Pierre Huyghe's 19-minute film Untitled (Human Mask) opens with drone shots of a Japanese town, wracked by a well-known triple devastation of earthquake, tsunami, nuclear plant meltdown. The context is specific, yet curiously expansive – an atmosphere for troubled times. Are we witnessing the end of the Capitalocene? The emergence of an environmental uncanny? No one remains to guide us but a cat, a cockroach, some larvae and a monkey in a human mask.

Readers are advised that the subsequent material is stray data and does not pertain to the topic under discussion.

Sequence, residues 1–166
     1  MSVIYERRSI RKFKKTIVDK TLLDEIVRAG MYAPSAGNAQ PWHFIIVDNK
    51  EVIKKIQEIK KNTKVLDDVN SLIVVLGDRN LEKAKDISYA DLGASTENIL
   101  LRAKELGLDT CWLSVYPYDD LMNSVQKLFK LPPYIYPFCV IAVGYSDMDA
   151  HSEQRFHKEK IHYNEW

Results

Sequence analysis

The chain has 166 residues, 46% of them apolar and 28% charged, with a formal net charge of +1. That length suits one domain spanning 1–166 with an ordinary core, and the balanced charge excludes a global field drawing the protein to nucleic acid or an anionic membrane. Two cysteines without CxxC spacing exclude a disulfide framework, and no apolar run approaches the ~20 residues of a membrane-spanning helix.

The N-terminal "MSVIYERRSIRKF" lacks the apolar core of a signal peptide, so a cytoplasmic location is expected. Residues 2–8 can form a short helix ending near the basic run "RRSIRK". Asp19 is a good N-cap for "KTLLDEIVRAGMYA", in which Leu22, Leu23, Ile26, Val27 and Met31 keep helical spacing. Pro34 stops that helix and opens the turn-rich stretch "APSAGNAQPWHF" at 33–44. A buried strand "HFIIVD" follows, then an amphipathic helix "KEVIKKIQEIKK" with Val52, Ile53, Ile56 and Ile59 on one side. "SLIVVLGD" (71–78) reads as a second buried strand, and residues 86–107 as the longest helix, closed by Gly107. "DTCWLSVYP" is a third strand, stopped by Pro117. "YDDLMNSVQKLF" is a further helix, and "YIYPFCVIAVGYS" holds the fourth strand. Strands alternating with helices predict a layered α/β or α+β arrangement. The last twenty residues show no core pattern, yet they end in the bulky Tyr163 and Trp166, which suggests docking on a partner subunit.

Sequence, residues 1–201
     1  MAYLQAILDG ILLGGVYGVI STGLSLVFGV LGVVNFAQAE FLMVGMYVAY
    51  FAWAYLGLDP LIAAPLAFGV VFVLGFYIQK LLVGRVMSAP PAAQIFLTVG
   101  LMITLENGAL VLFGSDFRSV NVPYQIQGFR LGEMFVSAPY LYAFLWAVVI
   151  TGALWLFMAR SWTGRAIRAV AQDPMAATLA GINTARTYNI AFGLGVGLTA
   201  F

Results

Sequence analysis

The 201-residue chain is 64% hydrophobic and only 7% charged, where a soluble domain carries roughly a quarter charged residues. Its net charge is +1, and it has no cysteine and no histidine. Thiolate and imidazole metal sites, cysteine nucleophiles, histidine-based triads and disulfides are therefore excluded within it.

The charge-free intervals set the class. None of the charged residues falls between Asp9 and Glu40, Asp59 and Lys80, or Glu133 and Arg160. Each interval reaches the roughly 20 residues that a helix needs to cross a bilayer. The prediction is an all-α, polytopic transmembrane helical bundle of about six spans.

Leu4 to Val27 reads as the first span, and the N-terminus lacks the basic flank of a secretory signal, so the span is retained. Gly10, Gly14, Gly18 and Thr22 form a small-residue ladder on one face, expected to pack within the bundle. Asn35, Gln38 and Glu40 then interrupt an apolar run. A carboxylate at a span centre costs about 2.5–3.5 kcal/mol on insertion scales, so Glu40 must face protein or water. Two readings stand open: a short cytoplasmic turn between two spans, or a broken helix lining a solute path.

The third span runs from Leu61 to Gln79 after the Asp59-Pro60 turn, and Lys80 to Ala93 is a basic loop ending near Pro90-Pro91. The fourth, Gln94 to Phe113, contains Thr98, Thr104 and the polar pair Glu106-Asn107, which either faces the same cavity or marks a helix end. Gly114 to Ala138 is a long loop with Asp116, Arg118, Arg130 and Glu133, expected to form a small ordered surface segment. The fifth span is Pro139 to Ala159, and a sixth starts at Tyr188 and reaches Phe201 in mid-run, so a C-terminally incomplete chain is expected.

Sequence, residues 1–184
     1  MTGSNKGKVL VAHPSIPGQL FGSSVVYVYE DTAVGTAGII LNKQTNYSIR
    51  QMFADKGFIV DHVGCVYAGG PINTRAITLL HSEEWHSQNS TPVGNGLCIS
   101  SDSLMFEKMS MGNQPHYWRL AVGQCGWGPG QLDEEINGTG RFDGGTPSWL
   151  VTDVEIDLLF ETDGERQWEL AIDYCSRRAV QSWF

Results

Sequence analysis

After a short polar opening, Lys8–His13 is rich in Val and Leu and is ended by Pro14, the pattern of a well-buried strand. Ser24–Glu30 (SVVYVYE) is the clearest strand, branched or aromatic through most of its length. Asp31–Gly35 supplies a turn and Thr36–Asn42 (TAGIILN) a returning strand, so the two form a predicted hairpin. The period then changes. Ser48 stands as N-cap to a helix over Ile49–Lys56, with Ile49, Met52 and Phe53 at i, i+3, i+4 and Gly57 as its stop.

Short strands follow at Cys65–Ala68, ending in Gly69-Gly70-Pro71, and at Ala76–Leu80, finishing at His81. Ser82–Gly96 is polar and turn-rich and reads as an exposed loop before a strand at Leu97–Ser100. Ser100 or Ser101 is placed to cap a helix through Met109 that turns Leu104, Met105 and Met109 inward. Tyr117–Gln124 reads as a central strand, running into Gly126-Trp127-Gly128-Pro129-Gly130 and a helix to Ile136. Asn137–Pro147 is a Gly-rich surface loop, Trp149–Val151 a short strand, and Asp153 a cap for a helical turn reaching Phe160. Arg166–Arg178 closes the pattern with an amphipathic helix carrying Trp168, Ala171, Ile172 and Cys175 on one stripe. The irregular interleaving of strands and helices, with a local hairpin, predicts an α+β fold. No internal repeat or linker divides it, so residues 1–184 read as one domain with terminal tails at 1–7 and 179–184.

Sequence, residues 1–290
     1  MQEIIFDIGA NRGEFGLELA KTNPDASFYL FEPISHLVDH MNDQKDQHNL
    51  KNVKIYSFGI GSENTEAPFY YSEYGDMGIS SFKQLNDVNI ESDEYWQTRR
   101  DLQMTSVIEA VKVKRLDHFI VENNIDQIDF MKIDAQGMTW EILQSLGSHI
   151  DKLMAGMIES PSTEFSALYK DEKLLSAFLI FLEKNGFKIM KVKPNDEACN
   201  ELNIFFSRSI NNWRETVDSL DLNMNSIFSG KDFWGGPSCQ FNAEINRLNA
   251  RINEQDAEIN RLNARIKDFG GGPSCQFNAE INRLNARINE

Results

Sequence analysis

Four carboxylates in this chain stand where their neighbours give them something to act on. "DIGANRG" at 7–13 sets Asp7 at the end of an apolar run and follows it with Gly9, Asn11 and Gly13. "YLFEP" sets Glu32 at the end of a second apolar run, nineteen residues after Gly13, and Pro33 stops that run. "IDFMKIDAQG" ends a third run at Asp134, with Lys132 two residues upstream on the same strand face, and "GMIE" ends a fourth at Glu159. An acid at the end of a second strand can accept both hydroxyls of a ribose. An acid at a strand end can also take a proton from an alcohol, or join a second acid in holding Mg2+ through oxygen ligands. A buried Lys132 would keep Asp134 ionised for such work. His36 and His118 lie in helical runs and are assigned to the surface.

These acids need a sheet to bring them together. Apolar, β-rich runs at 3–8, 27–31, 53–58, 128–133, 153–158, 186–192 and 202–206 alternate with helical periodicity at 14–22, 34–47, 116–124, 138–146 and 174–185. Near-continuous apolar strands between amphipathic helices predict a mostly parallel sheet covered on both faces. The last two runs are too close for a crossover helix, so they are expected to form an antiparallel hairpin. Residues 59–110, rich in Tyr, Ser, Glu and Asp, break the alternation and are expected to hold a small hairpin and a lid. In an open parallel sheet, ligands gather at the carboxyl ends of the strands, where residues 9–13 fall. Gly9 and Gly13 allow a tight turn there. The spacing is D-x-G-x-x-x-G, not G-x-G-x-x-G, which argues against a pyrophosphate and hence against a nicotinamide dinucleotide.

With infinite curiosity, filmmaker Mark Lewis, Huyghe's contemporary, gives us a tour through the experience – the pleasures and frustrations – of Untitled (Human Mask). Weaving close reading, free association, history, philosophy and theory, Lewis thinks along with this captivating film to explore questions of creativity, time, apocalypse and humanity. If the apocalypse itself is a revelation of disclosure of great knowledge, the book is an attempt to draw knowledge from that moment's chaotic aesthetics. The result is an essay as alive to racial politics, digital culture and the fragility of ownerships as it is embedded in a history of cinema, painting and the moving image. Huyghe's mesmerising poetics, Lewis argues, remind us both of human history's radical transformations, and the ongoing possibility of imagining other worlds.